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A concrete understanding of shopper navigation both in-store and online is often a key need for shopper insights professionals. To have a deep understanding of how shoppers interact, what they interact with, how long and how many times they do so while shopping is valuable information for informing shopper and retail strategy. Layered with how shoppers make decisions and choose what gets put in their cart, and how those shopping behaviors may differ based on what they are shopping for requires a multifaceted approach to identify and understand. 

With these complex needs in mind, our client, a toy manufacturer, approached C+R Research for help. 

Problem

The client needed a deeper understanding of how shoppers shop their category - both in the shopper decision navigation processes when shopping. Specifically, this research was intended to identify and answer the following questions:

  • What in-store elements do shoppers use to navigate the store and aisles to get to what they seek?
  • What online elements (paths, search terms, etc.) do they use to navigate online? 
  • What do the navigational patterns and habits look like and how do they differ based on what they’re shopping for or where they are shopping?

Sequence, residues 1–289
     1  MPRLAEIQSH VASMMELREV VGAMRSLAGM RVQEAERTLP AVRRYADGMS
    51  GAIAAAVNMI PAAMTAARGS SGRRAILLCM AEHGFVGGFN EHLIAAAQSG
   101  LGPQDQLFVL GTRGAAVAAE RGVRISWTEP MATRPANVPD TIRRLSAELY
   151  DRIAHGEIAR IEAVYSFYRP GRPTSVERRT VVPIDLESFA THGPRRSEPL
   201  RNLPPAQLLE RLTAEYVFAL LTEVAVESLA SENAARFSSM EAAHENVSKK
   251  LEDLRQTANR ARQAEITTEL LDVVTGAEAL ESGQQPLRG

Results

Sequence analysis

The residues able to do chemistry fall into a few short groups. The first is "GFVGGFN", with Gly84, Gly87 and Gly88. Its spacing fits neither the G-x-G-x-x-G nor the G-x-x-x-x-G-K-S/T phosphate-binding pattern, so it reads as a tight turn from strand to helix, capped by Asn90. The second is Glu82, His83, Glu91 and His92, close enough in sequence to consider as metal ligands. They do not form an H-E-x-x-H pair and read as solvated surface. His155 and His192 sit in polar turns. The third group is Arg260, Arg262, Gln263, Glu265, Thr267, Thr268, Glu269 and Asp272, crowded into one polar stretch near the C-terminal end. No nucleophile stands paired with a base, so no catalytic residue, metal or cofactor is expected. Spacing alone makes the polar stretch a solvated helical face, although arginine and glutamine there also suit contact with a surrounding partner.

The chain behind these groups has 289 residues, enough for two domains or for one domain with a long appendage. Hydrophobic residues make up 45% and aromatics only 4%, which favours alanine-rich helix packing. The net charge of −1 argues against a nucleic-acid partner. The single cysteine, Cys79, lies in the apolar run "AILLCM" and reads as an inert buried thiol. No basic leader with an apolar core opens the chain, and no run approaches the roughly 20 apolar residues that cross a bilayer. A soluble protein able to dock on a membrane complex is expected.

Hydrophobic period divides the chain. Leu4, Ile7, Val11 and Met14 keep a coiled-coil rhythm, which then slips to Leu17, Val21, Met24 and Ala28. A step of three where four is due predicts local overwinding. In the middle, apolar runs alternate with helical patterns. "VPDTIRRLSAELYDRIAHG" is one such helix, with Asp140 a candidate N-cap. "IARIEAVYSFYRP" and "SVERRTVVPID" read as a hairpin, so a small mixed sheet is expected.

• How are different elements leveraged as part of the shopping journey (packaging, signage, reviews, product videos, etc.)? 
  • Why do some shoppers end up not purchasing? 
Result

Deep and Extensive Insights on How Shoppers Shop
We helped the client develop a comprehensive understanding of shopping in the toy category and where key influence opportunities existed based on navigation, engagement and decision-making criteria. Opportunities and differences were identified across categories shopped as well as between in-store vs online shopping. 

Solution

A Multi-Modal Qualitative and Quantitative Research Plan
We developed a multi-phase project to gain a comprehensive understanding of the toy shopper. Starting with an online quantitative survey profiling the shopper’s last shopping occasion and leveraging a sequence clustering approach for developing decision trees, we dug deep into the shopper experience. Following the quantitative results, we conducted video shopping quests paired with an online qualitative discussion. This phase was designed to collect unbiased observation of the shopping processes and interactions followed by discussions on their shopping experiences. This phase also allowed us to code the video data to get detailed information on the length of time they shopped and interactions while shopping. Lastly, we conducted follow up webcam IDI shop-alongs to delve into the nuances surrounding packaging and shopper navigation at the shelf or on category/product detail pages (PDP ) online. 

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